4. As regards the first of these contentions, it is impossible for the appellant to succeed. The Subordinate Judge has found it as a fact that the alleged partition has not been established. So far as the oral evidence is concerned the view of the Subordinate Judge that it is not sufficient to establish partition is not liable to be challenged in second appeal. But so far as the documentary evidence is concerned the learned vakil for the appellant has contended that as the shares of the parties were entered in the record of (sic) sufficient to prove the fact of partition. He has argued in effect that as laid down by their Lordships of the Judicial Committee in Apoovier v. Ramasubha Aiyan 11 Moo. I.A. 75; 8 W.R. 1 (P.C.) partition by metes and bounds is not necessary. This latter contention is no doubt well-founded: but it is impossible to support the contention of the appellant that the mere circumstance that the shares of the parties are mentioned in the record of rights is sufficient to prove partition. It has been repeatedly held that mere definement of shares in the Revenue records without separate enjoyment of the shares so enumerated is not sufficient to constitute partition. Hoolash Kooer v. Kassee Proshad 7 C. 369 and Ambika Dat v. Sukhmani Kuar 1 A. 437. No doubt, as pointed out in the case of Ram Lal v. Debi Dat 10 A. 490 the definement of shares followed by entries of separate interest in the Revenue records may, under certain circumstances, be important evidence of separation and if not otherwise explained the Court may infer from such evidence that the parties had separated. Here, however, as pointed out by the learned Subordinate Judge, the entry in the record of rights appears to have been made for the purpose of showing how much share would belong to each branch of the family in the event of a partition. It is impossible for me to say in second appeal that the inference which the Subordinate Judge has drawn involves any error of law. The first point taken by the appellant cannot, therefore, be supported.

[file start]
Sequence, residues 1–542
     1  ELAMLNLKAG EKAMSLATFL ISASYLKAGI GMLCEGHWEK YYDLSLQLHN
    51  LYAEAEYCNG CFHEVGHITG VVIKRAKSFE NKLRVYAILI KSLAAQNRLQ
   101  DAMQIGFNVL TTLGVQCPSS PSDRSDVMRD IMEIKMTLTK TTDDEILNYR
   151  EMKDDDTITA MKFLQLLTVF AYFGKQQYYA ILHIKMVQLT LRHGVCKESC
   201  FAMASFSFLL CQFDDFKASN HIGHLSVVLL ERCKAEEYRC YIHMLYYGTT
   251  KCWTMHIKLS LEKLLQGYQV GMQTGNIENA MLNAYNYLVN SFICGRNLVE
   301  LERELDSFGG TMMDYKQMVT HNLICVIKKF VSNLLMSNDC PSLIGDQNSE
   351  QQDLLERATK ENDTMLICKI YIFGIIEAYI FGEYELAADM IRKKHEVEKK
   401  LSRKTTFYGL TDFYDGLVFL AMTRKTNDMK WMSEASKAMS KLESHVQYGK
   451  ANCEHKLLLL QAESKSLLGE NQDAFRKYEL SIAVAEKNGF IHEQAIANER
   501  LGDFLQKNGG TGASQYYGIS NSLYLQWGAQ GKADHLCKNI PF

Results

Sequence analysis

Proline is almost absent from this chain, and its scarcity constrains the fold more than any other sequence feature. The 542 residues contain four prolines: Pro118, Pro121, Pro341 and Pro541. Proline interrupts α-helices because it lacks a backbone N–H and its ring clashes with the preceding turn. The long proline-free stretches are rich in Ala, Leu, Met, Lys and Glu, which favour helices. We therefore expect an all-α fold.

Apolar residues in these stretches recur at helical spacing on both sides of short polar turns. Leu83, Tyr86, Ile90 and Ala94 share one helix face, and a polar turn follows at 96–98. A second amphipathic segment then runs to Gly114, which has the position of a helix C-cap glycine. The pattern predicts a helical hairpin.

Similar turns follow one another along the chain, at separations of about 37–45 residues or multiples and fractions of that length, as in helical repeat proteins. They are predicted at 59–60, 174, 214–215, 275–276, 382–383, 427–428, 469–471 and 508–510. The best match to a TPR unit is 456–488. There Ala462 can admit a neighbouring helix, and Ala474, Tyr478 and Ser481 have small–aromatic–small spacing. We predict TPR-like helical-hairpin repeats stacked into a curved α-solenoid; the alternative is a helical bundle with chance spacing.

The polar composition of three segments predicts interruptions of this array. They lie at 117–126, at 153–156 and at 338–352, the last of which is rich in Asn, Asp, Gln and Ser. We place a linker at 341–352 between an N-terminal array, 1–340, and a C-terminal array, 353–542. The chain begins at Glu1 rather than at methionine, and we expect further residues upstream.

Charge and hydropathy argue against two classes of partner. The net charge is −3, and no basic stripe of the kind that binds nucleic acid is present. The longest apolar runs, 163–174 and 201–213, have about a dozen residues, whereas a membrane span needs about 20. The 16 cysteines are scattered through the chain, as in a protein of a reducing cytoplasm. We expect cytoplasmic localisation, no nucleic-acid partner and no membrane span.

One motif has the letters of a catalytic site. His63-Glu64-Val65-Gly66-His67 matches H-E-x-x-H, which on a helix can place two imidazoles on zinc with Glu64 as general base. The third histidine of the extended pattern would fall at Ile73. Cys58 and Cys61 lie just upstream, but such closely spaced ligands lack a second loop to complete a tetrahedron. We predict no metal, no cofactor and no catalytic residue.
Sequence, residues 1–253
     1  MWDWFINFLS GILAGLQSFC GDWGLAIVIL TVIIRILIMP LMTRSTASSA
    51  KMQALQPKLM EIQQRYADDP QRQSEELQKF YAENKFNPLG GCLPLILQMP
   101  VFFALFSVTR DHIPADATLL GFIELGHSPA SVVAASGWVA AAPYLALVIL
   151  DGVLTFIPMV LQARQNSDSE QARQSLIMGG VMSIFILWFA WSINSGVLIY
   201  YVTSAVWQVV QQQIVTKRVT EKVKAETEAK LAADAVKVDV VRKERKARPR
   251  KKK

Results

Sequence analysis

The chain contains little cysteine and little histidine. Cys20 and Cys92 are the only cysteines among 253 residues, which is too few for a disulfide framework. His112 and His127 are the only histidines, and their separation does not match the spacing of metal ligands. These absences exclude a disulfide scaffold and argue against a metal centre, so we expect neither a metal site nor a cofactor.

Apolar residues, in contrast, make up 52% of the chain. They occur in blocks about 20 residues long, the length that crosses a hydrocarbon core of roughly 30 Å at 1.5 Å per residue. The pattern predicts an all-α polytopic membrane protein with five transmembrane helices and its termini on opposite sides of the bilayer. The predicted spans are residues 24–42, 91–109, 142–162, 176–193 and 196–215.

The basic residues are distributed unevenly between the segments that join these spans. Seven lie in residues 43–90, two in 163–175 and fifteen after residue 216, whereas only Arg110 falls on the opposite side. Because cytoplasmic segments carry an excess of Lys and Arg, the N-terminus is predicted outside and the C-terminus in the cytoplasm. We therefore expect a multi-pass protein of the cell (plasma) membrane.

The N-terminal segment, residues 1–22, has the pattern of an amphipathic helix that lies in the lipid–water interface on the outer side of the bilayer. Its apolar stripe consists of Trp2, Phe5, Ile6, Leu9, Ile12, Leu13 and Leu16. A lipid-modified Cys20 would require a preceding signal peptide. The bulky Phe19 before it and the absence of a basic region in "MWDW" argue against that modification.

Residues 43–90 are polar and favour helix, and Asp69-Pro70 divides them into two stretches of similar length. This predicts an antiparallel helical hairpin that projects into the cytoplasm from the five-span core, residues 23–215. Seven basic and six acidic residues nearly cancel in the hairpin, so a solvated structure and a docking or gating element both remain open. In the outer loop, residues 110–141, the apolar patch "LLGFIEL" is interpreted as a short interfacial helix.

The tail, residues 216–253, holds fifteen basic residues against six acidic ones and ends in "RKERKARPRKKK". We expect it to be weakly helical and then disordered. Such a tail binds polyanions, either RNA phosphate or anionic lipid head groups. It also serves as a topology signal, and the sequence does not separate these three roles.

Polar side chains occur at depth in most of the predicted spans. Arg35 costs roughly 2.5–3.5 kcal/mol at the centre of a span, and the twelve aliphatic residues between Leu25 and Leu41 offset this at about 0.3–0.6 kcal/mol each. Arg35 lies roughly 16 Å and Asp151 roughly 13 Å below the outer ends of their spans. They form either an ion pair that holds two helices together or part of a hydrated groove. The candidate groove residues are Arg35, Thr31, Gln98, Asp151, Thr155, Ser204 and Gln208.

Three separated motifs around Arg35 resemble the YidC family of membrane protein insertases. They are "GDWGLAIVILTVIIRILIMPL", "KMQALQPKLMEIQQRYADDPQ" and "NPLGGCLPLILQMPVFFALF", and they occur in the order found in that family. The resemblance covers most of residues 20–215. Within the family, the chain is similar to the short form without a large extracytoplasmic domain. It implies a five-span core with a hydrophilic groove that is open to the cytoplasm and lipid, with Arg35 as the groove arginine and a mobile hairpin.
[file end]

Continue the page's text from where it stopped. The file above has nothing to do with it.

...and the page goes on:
5. The second contention of the appellant, however, is manifestly well-founded. It is sufficient to refer to the cases of Mohabeer Pershad v. Ramyad Singh 12 B.L.R. 90; 20 W.R. 192 and Jamuna Pershad v.Ganga Pershad Singh 19 C. 401, in supports of the proposition that when a Court sets aside an alienation by one member of the joint Mitakshara family on the ground that that person had no right to alienate any portion of the joint property without the assent of his co-sharers and without proof of family necessity, the Court will protect an innocent purchaser and will work out the equities in favour of the alienee. The cases upon this point were recently reviewed by this Court in Banwari Lal v. Sheo Sankar Miser (1909) 1 Ind. Cas. 670. On the authorities as well as upon principle it is clear that the present plaintiffs are not entitled to an unconditional decree for recovery of the disputed property. The property which has been alienated admittedly represents what would fall to the share of the second defendant in the event of partition of the family properties. The proper decree to make therefore under the circumstances will be to direct that the plaintiffs do recover possession of the disputed property on condition that they deposit in Court Rs. 382 for payment to the second defendant within six months from this date. If they carry out the order of this Court they will be entitled to be restored to possession and to hold that property as part of the joint family properties. If they fail to do so their suit must stand dismissed. It is not necessary to make any provision for the payment of interest on the consideration mentioned in the conveyance; that may be set-off against the profits received by the purchaser during the time that ho has been in possession of the property.
6. Under the circumstances the proper order for costs will be that each party do pay his own costs throughout the litigation.